Chapter 33 — Sick Dogs. Sick Pond?

We cannot be certain that the pond is sick, although it certainly looks like a candidate for life support.  If the pond is sick, as it appears to be, we cannot be certain that it is causing the dogs’  illnesses.  But we can be certain of two things:  the dogs have been going into the pond, and they became sick.

Greta had been sneezing occasionally for several weeks, but I didn’t become concerned  until last Friday, when she sat down midway through her walk and snorted and snuffled, as if she were trying to cough something up and it wouldn’t come.  She was reluctant to get up and resume the walk.  Not like Greta.

She ate nothing that day.  On her evening walk, she sat down again and, chest heaving, tried to cough up whatever was troubling her inside.  I finally understood what she was trying to tell me.  She needed to go to the doctor, first thing next morning.

“Respiratory infection,” the veterinarian said.  She hauled out  antibiotics  and some nutrient-packed canned dog food to stimulate her appetite.

Greta is taking her pills, finding that they go down better with a  canola or olive oil coating.  She’s recovering.   She’s gotten her appetite back, and her energy is returning.  The story would have ended there, had we not run into Greta’s Labrador retriever friend Juno down at the park.  He (yes, Juno is male despite his name)  had been to the veterinarian for a skin infection and loss of hair on his back.

Juno’s veterinarian reported seeing several dogs recently with bacterial infections.  What they had in common, in addition to the infections, is that they all had been in the pond at Landon Burns Park.

          So, what makes us think the pond is sick?  Its appearance, primarily, but there is also other anecdotal evidence.  (1) Three large turtles that lived there died this spring.   (2)The Maryland Department of Natural Resources stocks the pond each spring with fish.  The lucky ones are caught.  Most of the others suffocate as the water gets too warm for them to survive.  They seem to have begun dying earlier this year, although that may be because of weather rather than the pond’s condition. (3) Algae has proliferated and clogs the water.  (4) Recently a sickly  green rubbery-looking substance formed in places along the edges of the pond.  (5) The pond’s surface has changed  from dark green to opaque gray. (6) There is runoff from roads and parking lots, channeled through a giant main into the pond with the county’s approval.  Sometimes, you can see oily streaks on the water’s  surface.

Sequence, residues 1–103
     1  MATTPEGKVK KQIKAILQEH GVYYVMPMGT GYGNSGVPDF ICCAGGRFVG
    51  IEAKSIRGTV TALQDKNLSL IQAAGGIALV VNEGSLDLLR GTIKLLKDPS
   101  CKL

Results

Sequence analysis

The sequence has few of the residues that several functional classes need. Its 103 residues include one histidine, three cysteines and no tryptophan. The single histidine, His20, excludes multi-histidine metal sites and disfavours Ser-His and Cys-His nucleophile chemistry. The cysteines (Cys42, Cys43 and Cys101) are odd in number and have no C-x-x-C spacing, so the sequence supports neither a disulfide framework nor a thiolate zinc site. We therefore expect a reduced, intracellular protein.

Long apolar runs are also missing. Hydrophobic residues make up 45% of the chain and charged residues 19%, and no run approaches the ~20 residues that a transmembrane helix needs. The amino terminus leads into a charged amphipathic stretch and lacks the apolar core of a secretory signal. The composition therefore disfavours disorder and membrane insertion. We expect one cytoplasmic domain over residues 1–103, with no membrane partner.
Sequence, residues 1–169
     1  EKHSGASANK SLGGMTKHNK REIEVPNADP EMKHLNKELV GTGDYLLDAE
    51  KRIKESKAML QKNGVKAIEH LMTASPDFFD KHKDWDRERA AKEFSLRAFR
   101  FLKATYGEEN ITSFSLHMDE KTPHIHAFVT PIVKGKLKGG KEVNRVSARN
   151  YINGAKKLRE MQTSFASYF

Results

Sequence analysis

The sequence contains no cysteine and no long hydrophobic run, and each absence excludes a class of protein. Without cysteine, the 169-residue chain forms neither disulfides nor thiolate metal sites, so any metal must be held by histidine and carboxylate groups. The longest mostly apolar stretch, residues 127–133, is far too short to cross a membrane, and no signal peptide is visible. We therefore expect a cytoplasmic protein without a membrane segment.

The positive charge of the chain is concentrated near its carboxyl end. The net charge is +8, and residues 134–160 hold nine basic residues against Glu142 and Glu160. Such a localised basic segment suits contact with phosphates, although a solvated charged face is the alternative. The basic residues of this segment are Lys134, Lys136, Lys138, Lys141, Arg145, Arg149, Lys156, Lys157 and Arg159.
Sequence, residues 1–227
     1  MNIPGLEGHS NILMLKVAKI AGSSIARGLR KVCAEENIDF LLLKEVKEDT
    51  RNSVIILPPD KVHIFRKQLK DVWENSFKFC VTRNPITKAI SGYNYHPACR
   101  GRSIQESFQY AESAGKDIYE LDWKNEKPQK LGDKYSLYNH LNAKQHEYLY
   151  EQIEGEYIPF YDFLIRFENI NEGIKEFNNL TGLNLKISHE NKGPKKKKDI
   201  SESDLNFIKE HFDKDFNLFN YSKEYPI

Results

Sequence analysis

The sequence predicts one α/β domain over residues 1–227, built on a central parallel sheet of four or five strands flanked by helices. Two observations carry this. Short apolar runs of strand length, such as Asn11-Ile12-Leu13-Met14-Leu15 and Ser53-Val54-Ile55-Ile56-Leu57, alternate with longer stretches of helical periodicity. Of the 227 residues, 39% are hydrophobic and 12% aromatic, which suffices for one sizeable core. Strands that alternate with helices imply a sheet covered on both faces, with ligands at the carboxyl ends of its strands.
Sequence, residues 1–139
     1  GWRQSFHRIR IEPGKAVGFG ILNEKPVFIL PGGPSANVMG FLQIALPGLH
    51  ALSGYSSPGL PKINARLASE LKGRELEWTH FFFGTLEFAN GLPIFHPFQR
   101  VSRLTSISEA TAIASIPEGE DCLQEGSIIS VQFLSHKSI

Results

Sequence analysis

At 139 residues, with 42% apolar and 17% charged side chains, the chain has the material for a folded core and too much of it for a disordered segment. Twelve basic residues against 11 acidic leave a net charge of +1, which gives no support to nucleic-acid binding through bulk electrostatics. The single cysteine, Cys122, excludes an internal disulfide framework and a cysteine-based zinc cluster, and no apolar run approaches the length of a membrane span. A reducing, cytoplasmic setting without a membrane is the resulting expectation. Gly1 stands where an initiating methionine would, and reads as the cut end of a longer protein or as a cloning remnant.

I contacted the county department of recreation and parks.  Dealing with the county government is like trying to put a dent in a pillow—you push, it gives, you stop pushing,  the pillow returns to its original shape.  Trouble is, it takes a lot of energy and time to hold the pressure so the dent stays.  The pillow knows that.  It’s just waiting for you to go away.

I’m not naive enough to believe the county government will care about a few sick dogs.  But the pond is open to fishing, and small children play there.  It  seemed important to raise the questions:  Is there a threat to human health?  Should  fishermen be advised not to eat fish taken from the pond?

I raised the questions in an email to county government two days ago.  To date, I have received no reply.

Can the county Health Department help?  No, said the environmental health specialist on the other end of the line.  The Health Department doesn’t do bacteria in ponds.  It does only mosquito infestations in stagnant ponds.  The specialist is looking for a referral, to see whether there is a state agency concerned with pond bacteria.

I understand that we can’t have it both ways.  If the majority is screaming, “Cut government spending!!!!”  “No additional government jobs!!!!”  there may not be anyone from government around to address the situation when oil companies take shortcuts and a pipeline spews into  the Gulf of Mexico, or thousands of pounds of ground beef are contaminated.  Or when dogs get sick after swimming in  a small pond in a small community.

(c) 2011 by Donna Engle

 

 

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